HDS PrepsTagmaStore, Ponders Sun

Hitachi's TagmaStore will integrate BlueArc NAS; Sun's 6920 platform might follow

January 9, 2007

3 Min Read
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Hitachi Data System's 2007 storage expansion will go beyond its NAS OEM deal with BlueArc, but just how far is anyone's guess. (See HDS, BlueArc in Big NAS Deal.)

HDS will upgrade its TagmaStore high-end SAN this year, and whispers persist that it will pluck at least one piece of Sun's storage product line. (See Sun, Hitachi Talk Storage.)

Nothing apart from the BlueArc deal has been announced, but an internal document obtained by Byte and Switch provides details of the new TagmaStore system based on HDS's Univseral Storage Platform (USP).

There are no major architecture changes in the new TagmaStore, but it will support 4-Gibt/s Fibre Channel -- likely beating EMC Symmetrix enterprise systems to the punch. The new systems will support a total internal capacity of 576 Tbytes and let customers connect up to 256 Pbytes externally. HDS will also let customers externally attach storage via FICON ports for easier migration and management for mainframe customers.

Other features include thin provisioning and improved local as well as remote replication, supporting more volumes and replication pairs than previous versions. The replication software will also support more consistency groups -- four per system residing in each data center.The HDS document makes no mention of an upgrade to its midrange USP system, and industry sources say there are growing rumbles that HDS will purchase the StorageTek 6920 business unit from Sun. However, neither company would confirm the rumors and sources who hear them wonder why HDS would want the Sun system.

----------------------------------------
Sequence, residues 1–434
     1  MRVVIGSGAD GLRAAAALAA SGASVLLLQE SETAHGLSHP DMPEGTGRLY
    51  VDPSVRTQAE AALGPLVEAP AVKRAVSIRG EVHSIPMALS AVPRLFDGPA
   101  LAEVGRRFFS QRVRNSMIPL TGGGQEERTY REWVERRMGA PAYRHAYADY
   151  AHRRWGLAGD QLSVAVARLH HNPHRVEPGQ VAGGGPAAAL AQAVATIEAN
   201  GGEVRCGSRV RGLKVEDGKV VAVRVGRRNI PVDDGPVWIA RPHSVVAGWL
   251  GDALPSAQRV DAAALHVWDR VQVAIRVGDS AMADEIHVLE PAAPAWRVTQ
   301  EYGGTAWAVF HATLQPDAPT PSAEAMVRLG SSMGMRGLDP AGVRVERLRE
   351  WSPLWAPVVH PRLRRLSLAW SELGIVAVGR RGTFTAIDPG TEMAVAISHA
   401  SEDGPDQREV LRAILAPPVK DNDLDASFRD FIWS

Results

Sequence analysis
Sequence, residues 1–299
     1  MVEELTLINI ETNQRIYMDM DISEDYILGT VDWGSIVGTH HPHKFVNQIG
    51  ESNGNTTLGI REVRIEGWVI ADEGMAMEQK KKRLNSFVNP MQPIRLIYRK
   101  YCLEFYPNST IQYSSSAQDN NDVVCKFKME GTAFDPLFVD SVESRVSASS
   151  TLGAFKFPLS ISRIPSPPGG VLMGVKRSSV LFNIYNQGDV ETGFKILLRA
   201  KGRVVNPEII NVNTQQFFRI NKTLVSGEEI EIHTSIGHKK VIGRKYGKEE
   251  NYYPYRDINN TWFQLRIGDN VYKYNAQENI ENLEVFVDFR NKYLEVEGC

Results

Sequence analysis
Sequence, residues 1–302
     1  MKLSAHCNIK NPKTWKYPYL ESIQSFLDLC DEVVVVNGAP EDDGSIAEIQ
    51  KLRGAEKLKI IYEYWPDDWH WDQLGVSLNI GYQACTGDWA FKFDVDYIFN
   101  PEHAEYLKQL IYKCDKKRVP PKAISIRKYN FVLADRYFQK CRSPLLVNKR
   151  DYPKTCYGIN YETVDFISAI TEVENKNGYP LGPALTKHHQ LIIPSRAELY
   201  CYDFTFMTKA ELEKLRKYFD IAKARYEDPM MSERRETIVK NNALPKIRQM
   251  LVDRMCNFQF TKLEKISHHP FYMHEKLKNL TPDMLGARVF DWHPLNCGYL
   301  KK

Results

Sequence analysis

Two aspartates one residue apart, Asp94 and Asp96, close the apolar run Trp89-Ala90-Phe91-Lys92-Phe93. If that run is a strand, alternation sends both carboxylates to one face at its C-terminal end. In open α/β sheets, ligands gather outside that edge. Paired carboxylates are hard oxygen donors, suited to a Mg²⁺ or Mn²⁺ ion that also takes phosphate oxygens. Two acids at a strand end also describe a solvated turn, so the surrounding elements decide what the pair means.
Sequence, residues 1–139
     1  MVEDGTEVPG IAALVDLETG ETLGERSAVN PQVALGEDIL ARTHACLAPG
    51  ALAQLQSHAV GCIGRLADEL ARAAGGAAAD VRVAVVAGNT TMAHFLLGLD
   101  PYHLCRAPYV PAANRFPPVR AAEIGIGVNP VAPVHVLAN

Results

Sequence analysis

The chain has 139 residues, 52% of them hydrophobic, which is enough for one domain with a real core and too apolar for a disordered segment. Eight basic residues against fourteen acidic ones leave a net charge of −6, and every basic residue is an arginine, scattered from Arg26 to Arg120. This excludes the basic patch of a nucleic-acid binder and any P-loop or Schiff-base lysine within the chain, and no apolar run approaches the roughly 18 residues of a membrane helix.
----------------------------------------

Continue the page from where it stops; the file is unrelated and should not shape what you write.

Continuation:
Sun bills the 6920 as a virtualization system, and HDS has its own midrange SAN systems with virtualization. (See Hitachi Plans Midrange Rollout and HDS Strips Disk.) Sun has had little success selling the 6920, which is based on technology it acquired from Pirus in 2002 for around $165 million. (See Pirus Gets Sun Tan and Sun Beams on Pirus.)

A query to HDS brought the boilerplate response of "We don't comment on any rumors and speculation." Sun was a bit more expansive, but no more illuminating.

"Our strategy continues to be to invest internally in core competencies with a focus on Solaris, while leveraging our partners to help ensure we maintain a diverse and broad portfolio," Sun said in a statement. "Sun is continuously investigating ways to reduce costs and manage our product portfolio. We are also in regular discussions with our partners about how to better serve our customers. At this time, we are not prepared to disclose any details around changes in our product roadmap. As a company policy, we do not respond to market rumors."

Two industry insiders who say they've heard the talk is more than just rumor are trying to make sense of the deal. "I've heard it's a done deal, but why?" says one insider. "Hitachi has virtualization in the USP and a virtual appliance in the NSCS55."Another added, "I wouldn't be surprised because I've been hearing about it for a long time. Sun has been struggling to sell it off. The question is what Hitachi would do with it."

In an interview with Byte and Switch in November, Sun storage chief David Yen said Sun would not sell off the 6920 but would explore partnerships -- hinting at an OEM or licensing deal. (See Sun Storage Chief: We're Not for Sale.)

Dave Raffo, News Editor, Byte and Switch

  • BlueArc Corp.

  • EMC Corp. (NYSE: EMC)

  • Hitachi Data Systems (HDS)

  • IBM Corp. (NYSE: IBM)

  • Sun Microsystems Inc.

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